Colter DeVries: 50:43
Well, I can’t bring you on in the last 10 minutes without getting some secret sauce from you. Where are you long in the market today, August something, 2023? Where are you long? Where would you put your money next to an investor if you were a GP and you have a obligation to maximize returns for your limited partners, Drew, and it’s your money you’re putting in hurt money. Where are you long? And also, where are you short?
Drew Hendrick: 51:11
Are we talking? Location or are we talking? I hate to give up the location. Oh, you’re going to be.
Colter DeVries: 51:17
You’re going to be one of them because, okay, I have a Kevin what? Red star painting hanging on my wall and I bought that at an auction, competing with someone who’s a pretty good, I guess, art investor and fan of Kevin Red Star. And I was like, hey, I’m novice, I’m new to this, I’m taking an interest in it. I go who are you following? Who’s the up and coming star? Where should I, where should I be looking for more paintings to invest in? And she’s like I’m not telling you. I’m like what I thought, that’s what this network like you guys like. I thought we shared notes. I guess I’m not part of the community yet. No, you’re not. You can’t buy one, never at a star in the end.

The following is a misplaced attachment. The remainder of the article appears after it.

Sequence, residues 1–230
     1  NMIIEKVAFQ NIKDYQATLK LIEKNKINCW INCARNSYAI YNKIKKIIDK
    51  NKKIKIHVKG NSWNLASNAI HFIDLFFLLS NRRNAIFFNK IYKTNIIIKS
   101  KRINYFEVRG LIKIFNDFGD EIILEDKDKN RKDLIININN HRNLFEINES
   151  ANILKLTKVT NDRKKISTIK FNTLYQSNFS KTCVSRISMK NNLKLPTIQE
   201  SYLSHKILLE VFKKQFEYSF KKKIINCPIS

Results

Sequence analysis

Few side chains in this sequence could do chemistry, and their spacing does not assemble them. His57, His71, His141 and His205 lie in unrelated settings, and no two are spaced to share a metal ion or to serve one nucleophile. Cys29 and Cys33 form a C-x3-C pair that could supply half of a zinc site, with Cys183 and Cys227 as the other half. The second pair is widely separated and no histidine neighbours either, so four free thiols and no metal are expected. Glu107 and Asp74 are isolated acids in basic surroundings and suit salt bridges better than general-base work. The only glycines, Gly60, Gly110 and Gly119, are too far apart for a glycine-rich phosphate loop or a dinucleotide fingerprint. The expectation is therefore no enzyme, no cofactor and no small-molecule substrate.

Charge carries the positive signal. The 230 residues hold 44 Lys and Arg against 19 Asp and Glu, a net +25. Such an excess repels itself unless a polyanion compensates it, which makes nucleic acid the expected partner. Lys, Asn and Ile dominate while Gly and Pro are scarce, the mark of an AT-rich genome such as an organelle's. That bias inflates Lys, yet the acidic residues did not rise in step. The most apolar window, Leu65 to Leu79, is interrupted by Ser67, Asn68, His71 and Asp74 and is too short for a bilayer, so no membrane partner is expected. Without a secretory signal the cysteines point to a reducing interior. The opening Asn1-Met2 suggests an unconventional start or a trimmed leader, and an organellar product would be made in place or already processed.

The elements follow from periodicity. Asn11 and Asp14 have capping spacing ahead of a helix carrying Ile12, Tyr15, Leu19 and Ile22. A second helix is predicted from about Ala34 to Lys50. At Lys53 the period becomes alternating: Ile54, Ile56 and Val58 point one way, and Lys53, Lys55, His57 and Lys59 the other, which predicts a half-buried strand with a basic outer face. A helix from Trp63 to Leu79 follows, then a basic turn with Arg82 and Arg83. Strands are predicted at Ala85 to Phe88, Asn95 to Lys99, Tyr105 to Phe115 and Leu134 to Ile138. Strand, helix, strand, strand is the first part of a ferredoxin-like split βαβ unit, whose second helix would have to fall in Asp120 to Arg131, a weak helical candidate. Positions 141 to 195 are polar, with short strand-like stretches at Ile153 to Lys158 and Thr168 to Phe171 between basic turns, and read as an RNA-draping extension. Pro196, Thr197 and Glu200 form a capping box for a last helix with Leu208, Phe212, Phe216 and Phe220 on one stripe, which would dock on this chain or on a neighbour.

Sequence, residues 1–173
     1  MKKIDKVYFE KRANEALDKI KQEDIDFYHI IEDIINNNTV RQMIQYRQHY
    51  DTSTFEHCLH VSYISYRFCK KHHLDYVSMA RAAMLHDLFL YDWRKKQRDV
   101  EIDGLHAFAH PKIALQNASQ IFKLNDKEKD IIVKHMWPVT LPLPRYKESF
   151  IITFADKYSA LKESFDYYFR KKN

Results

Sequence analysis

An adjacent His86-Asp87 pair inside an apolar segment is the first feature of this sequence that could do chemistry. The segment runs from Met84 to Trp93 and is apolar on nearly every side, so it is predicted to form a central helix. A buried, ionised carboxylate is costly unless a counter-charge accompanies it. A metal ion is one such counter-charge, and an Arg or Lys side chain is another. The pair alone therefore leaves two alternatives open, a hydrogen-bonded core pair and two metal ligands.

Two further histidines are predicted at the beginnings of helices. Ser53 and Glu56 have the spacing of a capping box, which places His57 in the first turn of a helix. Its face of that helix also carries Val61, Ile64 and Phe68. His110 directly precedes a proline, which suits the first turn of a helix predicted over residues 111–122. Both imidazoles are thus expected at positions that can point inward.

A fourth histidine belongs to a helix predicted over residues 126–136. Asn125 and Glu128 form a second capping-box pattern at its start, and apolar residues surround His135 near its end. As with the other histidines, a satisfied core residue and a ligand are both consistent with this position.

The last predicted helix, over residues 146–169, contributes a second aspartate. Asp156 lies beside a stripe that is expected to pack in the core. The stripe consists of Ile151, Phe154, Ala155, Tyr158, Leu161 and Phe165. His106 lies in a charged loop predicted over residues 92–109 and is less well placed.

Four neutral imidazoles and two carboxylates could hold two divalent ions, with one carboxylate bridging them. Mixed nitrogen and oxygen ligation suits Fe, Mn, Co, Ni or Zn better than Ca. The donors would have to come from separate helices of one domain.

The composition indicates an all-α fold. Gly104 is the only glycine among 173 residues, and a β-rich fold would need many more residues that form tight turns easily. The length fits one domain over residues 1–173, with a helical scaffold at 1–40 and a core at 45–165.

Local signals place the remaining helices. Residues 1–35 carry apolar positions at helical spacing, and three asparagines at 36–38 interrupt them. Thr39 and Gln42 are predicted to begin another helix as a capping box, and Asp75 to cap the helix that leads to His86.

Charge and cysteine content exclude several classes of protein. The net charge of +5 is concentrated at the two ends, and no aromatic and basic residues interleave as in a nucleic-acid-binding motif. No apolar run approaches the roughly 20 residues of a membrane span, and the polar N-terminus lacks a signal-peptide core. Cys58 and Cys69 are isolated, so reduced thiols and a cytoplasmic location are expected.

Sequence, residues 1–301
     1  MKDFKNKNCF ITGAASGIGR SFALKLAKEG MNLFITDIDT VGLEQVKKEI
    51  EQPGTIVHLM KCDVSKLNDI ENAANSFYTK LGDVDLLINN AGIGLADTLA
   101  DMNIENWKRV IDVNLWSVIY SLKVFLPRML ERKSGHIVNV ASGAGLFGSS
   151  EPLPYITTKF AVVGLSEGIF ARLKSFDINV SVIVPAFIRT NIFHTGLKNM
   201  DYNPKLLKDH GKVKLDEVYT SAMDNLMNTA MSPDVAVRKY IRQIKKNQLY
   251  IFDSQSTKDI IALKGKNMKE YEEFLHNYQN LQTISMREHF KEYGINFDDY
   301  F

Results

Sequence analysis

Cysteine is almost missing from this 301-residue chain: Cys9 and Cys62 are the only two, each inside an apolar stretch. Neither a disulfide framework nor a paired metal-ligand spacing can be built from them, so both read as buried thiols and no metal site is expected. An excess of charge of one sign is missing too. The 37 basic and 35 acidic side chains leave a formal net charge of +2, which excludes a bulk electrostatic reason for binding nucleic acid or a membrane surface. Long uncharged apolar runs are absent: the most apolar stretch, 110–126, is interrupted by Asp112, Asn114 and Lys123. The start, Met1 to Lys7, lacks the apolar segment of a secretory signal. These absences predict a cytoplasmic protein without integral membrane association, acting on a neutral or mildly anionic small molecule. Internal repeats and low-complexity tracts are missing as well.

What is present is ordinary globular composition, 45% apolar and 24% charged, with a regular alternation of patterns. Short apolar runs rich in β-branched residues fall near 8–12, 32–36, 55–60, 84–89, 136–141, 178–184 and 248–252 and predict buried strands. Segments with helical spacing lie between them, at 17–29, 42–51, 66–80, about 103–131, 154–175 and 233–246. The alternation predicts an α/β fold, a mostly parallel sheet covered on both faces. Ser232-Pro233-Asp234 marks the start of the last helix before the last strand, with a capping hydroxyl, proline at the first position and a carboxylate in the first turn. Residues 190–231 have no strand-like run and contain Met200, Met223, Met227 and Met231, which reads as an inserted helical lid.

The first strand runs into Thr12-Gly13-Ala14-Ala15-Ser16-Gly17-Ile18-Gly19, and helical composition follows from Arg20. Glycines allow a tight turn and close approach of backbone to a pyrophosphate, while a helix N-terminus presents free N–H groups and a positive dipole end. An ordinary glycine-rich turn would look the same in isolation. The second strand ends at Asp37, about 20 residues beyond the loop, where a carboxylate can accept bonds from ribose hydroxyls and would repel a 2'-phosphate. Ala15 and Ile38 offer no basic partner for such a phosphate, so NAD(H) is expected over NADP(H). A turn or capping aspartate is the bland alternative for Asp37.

Drew Hendrick: 52:00
That’s not how it works. That’s like buying, you know, that’s like buying a 160. 160 somewhere.
Colter DeVries: 52:08
Like hey, hey, guys you know All right.
Drew Hendrick: 52:12